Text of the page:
For migrants coming from Africa to Europe, the journey is often dangerous and perilous. From hostility, to violence on the borders once they reach Europe, they might meet many challenges along the way. Often having to cross borders and countries illegally.
Every day, it is thousands of people that undertake perilous journeys to seek asylum and find refuge in countries other than their own. Driven by hunger or extreme poverty, forced to flee violence or persecution, they leave their home behind. To reach their destination, they follow illegal and unsafe routes, sometimes the journey itself can cost them their lives.
But what happens when it is the other way around ? When a person from the West decides to undertake a similar journey the other way around ?
Well, the journey is much easier.
For Margaux, 28, from France, her journey from France to Sierra Leone, Africa, that she decided to do not by plane but by other means, crossing borders by foot, countries by bus, and meeting migrants along the way was much easier.
For Margaux, undertaking the journey backwards really showed her how much privilege she has as a white person.
What motivated you to undertake this journey ?
Well my friend, you. The starting point was you and the motivation to go with my other friend. And also the fact that I like to travel. I really liked my last trip that consisted really in walking et faire du stop, in meeting people. So I thought it would be cool to do something similar
Did you realise in starting this adventure that a lot of people are actually walking the same way but backward.
Before I went on that journey to be honest it wasn’t in my mind but yes along the way, as soon as I was in Spain actually, where I had to take a bus instead of
to hitchhiking, I met migrants along the way.
He was from Morocco. He tried his luck in France but it was too expensive for him, he was stranded in a refugee camp in Germany for 2 months, he had been traumatised by this experience, and he was now trying his luck in France.
I met him while going the other way.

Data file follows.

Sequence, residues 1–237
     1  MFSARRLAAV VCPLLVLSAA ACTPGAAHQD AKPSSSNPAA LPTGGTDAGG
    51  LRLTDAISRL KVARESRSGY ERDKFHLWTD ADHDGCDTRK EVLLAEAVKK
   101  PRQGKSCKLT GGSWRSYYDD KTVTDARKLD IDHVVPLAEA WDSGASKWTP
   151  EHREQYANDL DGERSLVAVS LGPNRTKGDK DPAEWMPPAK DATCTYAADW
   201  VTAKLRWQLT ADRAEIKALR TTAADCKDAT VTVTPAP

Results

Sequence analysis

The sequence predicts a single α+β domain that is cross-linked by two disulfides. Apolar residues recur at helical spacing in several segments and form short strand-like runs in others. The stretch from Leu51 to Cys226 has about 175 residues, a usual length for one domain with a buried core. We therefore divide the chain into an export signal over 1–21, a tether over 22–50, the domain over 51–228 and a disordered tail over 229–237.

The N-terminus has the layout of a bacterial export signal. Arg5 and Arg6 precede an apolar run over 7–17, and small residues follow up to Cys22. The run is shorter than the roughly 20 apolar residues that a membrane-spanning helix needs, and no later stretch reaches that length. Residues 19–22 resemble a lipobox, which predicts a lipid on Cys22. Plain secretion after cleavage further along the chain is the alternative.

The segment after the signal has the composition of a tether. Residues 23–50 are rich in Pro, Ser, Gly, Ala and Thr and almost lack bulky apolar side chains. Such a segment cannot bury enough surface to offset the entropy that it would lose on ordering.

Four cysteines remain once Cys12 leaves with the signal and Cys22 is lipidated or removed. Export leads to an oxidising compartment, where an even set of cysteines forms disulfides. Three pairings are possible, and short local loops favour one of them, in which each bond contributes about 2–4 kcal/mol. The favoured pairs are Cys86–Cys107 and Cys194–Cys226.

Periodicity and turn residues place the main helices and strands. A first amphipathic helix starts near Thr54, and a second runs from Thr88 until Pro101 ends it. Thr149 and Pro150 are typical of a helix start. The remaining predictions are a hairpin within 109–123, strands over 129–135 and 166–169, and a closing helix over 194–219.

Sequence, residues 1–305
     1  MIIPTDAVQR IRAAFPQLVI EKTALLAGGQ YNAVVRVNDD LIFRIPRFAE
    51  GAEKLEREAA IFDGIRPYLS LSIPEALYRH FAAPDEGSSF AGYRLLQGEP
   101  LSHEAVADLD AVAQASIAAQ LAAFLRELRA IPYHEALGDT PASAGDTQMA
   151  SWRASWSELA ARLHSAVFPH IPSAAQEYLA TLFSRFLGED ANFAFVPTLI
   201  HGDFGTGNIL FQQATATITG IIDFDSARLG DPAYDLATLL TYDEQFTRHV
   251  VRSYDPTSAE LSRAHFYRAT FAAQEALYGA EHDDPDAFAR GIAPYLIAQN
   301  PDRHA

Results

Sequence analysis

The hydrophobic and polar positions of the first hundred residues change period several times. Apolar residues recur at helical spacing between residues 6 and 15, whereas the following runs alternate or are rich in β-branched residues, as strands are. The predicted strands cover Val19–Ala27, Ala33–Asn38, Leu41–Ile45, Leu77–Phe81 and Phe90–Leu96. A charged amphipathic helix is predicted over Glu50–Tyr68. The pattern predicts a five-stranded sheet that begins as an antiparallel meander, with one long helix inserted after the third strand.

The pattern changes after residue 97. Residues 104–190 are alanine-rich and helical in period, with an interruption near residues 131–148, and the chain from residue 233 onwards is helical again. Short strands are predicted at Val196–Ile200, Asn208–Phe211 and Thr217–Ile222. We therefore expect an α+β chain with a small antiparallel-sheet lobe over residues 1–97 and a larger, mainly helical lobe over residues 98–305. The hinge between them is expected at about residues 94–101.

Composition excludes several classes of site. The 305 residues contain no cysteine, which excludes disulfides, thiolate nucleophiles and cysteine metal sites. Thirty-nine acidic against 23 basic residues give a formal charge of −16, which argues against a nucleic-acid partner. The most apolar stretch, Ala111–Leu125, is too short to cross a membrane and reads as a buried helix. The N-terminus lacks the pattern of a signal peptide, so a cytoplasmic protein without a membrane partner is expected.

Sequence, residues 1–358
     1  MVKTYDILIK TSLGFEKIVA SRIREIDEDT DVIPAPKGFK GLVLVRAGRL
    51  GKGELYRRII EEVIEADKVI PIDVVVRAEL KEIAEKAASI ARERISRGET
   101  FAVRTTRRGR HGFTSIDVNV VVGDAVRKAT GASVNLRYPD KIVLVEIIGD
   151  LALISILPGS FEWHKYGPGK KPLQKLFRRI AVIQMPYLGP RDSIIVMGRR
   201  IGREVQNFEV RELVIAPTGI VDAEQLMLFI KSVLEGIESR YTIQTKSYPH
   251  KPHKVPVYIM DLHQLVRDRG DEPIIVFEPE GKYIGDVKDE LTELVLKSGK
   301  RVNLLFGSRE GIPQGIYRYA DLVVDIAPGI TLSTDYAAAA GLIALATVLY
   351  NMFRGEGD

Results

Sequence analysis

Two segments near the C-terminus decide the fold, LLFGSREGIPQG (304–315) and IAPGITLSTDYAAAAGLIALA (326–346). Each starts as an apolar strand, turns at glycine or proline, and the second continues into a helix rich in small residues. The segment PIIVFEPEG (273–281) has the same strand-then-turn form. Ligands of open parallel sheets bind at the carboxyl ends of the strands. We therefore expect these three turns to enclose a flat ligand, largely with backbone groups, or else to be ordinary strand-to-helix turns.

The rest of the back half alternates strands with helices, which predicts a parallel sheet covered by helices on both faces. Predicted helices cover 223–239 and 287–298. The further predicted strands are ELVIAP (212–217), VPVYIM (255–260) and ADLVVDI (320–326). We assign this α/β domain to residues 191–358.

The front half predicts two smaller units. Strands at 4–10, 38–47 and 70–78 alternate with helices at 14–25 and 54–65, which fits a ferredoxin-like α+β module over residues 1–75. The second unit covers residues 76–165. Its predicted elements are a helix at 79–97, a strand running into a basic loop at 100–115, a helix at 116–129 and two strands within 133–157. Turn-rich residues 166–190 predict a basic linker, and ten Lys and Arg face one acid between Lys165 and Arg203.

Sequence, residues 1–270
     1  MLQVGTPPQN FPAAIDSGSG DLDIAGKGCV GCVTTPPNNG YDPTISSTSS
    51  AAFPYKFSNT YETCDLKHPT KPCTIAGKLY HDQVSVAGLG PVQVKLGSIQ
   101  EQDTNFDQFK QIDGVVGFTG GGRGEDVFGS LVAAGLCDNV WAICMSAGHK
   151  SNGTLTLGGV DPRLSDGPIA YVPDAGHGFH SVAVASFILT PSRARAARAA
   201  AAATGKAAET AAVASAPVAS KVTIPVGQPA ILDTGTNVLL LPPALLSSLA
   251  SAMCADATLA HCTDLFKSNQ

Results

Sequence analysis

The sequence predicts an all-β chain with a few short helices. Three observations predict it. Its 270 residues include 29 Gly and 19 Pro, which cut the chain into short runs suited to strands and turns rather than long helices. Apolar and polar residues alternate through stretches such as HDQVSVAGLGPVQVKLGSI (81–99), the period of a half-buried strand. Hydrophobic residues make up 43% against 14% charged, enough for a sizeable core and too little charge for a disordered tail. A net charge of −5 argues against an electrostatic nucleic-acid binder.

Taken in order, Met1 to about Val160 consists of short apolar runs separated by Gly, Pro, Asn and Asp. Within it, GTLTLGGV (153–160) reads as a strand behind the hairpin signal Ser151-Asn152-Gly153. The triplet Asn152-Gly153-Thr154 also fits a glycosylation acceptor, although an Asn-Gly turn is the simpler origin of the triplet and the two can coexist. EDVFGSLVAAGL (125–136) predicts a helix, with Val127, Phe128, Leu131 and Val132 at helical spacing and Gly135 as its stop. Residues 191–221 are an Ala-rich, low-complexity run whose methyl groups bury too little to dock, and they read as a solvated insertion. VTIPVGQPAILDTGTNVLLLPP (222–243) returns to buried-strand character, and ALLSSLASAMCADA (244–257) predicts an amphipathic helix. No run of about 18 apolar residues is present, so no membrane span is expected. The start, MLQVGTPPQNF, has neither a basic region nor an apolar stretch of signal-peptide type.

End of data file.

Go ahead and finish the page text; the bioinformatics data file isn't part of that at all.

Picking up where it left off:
Was it easy for you to cross borders ?
Yes, very easy. I just had money to give, not have to worry about anything, except for whether people or not would try to take advantage of me. But I knew it wasn’t going to be the end of the world and that I would always find a solution. It was just a question of ego. But people were warning me a lot about crossing borders, telling me I should not do it because it would be dangerous, especially people coming from Africa. but it was just apprehension in the end it went really smoothly. I just had one or two issues like in Guinee. I thought you could just buy a visa at the border like other countries but you can’t. And what happened to me is that two men helped me in Senegal. I am a bit ashamed of it but they took me in their truck. I told them that I was crossing with not a lot of money and there was a communication issue and I think they thought that I was trying to cross illegally. So they wanted to help me cross the country so they more or less hid me in their truck but I didn’t realise so there were two borders to cross, the Senegal and Guinea. In Senegal they didn’t really care, they didn’t really search in the truck. I was sitting normally just a bit hidden by the window, but in the Guinea border they really searched in the truck so they saw me. They were very angry but didn’t do anything. They just refuse me entrance. They took out handcuffs and threaten me by telling me that next time they would send me to jail.